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Old 03-05-2013, 09:16 AM   #29
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sway is more of the issue with a 19 footer. I would keep my speed down and definately have a brake controller in the tow vehicle. if things start sway too much don't touch you TV brakes, use the controller first.
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Old 03-05-2013, 01:28 PM   #30
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I don't know much about weight distribution hitches but I recall an old photo (which I can't find now) showing an RV trailer attached to a car with a distribution hitch. The rear tires had been removed from the car and its rear end was suspended off the ground so that the RV/TV formed a single truss with all the weight now divided between the front axle of the car and the single axle of the trailer. Of course this was an extreme demonstration and would not be functional with rear-wheel drive. But the physics intrigued me. While half the car's former rear axle weight was now sent to its front axle (good) the other half was sent to the trailer's axle (not so good, especially for the tires).
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Old 03-06-2013, 08:46 PM   #31
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looks like I'll be picking up a 2012 airstream 19 this weekend - wooo hooo

be towing it back without WD or SC for now and will be taking it easy, taking a buddy along who tows all the time
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Old 03-07-2013, 05:30 PM   #32
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towing without a weight distribution /sway control

Greetings DonS!

Quote:
Originally Posted by 50KIP View Post
I don't know much about weight distribution hitches but I recall an old photo (which I can't find now) showing an RV trailer attached to a car with a distribution hitch. The rear tires had been removed from the car and its rear end was suspended off the ground so that the RV/TV formed a single truss with all the weight now divided between the front axle of the car and the single axle of the trailer. Of course this was an extreme demonstration and would not be functional with rear-wheel drive. But the physics intrigued me. While half the car's former rear axle weight was now sent to its front axle (good) the other half was sent to the trailer's axle (not so good, especially for the tires).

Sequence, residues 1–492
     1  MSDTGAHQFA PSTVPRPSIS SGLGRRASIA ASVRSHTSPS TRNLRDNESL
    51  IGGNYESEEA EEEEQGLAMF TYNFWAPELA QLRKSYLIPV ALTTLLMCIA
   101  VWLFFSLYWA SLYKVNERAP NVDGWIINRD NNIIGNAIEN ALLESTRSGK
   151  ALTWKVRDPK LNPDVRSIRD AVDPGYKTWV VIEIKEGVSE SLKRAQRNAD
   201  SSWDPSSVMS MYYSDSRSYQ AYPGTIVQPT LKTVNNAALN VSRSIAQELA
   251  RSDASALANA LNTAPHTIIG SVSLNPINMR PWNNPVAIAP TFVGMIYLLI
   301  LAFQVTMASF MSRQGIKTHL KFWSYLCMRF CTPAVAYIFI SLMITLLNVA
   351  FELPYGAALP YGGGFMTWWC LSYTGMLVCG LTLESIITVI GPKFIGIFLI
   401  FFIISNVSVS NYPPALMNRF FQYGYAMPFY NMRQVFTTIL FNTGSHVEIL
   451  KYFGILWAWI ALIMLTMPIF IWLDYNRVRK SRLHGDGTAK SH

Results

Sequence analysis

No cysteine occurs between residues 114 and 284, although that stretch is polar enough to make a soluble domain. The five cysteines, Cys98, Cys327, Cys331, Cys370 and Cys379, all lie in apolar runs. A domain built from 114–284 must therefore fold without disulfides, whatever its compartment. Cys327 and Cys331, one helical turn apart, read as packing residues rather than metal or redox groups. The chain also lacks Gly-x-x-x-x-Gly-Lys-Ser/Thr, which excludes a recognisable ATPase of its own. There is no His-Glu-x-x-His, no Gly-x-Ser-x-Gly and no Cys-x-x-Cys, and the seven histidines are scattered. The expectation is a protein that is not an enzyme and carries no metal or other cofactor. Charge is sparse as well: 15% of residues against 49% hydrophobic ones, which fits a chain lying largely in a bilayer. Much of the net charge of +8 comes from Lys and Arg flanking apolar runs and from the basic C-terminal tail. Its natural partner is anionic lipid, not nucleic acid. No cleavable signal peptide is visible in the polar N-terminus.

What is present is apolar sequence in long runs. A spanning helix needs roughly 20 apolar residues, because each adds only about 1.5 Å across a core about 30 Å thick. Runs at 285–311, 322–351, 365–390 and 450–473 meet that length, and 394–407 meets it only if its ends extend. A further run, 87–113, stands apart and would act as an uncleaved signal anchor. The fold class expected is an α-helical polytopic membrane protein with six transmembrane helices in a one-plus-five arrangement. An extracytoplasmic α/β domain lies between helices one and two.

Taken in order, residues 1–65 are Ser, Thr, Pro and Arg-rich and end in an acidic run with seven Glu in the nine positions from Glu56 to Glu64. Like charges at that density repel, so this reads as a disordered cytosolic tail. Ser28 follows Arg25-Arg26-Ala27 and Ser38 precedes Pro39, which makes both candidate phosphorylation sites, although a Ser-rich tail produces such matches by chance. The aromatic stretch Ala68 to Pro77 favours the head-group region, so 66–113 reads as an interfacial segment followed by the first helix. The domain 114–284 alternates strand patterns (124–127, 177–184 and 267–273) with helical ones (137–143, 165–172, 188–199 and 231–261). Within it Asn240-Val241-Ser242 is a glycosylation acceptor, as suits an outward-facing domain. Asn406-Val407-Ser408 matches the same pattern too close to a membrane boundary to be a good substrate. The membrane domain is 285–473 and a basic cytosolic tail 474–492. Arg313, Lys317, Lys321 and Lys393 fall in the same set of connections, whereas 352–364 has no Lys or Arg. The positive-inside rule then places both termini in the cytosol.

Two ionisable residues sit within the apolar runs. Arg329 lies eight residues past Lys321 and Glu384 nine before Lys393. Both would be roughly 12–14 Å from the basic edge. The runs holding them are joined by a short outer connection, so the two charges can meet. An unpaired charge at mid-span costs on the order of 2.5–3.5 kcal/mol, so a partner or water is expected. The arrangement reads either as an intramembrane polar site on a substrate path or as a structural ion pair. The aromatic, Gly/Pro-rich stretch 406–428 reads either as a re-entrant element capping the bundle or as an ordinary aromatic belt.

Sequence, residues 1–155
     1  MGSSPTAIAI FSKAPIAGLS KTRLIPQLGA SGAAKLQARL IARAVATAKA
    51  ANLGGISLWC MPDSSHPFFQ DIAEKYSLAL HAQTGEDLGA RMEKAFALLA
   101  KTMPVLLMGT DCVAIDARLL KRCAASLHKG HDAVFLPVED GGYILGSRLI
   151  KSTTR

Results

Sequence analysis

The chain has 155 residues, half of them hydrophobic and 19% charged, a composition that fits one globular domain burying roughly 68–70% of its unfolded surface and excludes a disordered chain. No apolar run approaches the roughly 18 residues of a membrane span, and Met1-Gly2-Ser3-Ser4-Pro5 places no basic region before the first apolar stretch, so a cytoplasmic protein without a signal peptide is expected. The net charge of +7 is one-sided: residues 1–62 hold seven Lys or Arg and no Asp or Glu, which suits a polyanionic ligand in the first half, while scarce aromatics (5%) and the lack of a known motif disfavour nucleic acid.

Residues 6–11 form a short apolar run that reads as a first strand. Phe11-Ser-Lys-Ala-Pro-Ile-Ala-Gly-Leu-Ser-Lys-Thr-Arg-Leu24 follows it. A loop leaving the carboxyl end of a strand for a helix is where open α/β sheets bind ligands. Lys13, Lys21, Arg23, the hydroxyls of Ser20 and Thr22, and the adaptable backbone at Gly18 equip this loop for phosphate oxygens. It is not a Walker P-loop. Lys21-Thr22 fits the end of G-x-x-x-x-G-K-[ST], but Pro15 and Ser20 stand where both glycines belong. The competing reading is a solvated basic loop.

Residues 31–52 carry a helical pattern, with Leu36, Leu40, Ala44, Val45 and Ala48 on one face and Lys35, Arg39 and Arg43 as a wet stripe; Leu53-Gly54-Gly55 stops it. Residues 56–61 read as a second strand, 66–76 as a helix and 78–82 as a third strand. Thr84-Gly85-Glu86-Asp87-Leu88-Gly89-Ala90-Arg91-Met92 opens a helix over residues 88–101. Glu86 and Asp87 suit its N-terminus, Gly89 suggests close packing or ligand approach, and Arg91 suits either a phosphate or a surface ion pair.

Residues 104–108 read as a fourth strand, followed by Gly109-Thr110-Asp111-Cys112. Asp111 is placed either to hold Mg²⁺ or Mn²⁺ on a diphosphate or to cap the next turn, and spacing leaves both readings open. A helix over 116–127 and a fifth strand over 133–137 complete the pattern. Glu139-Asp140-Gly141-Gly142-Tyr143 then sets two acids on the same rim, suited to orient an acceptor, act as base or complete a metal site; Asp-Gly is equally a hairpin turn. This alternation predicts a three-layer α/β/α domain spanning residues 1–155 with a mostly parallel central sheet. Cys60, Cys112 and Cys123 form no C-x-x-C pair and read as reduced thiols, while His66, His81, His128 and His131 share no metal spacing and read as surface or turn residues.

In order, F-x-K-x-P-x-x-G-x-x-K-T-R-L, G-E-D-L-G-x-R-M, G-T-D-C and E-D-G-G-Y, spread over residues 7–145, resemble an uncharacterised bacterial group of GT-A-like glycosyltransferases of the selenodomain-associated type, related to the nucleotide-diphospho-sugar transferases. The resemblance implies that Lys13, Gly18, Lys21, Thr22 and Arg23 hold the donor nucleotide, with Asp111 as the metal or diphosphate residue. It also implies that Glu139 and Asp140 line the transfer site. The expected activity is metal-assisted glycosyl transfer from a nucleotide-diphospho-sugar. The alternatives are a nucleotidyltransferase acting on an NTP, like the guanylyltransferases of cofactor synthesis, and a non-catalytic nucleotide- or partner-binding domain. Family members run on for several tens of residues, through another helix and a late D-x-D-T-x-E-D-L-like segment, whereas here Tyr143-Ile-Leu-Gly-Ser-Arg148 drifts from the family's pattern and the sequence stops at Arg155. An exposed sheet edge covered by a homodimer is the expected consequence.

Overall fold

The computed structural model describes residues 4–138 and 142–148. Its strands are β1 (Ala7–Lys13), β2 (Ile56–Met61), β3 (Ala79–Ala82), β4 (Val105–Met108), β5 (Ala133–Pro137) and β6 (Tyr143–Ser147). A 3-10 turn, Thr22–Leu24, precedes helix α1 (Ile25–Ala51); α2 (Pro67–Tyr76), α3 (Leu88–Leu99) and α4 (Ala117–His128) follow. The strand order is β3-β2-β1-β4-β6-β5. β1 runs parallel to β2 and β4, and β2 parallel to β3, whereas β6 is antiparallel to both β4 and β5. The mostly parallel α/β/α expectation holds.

The image below may be one that you are referencing. There is also another image from either late 1960s or early 1970s that featured an Oldsmobile Toronado in a similar setting:



I can still remember when the above first appeared with the 1980 Chevrolet Citation . . . something had to be overloaded . . . with the 1960s-1970s Eldorado/Tornado the ball joints had short lifespans with just the weight of the car by itself without trailer towing of any kind (at least my family felt that we were doing well to get 70,000 miles out of a set of ball joints on our Toronado).

Kevin

P.S.: As an obvious advertising ploy, I am almost surprised that it didn't contain the phrase . . . Please don't try this at home . . .
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Old 03-07-2013, 06:46 PM   #33
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The biggest cause of trailer sway is with the trailer loaded tail-heavy.

Make sure your tires are aired properly and the brakes work on it.

Put something heavy in the front of the trailer (inside). As long as it's nose heavy, you will greatly reduce the chance of sway.

Where is the freshwater tank on this model? Is it forward of the axles? If so, fill it completely up. Put your blacksmith tools up against the front wall. Seriously, load it as nose heavy as you can.

Keep your speed reasonable and you should be fine.

I towed my 34 footer home 600 miles on just the ball. Never swayed a bit. But it is a triple axle and they do naturally want to track straight. A single axle is the most prone to sway.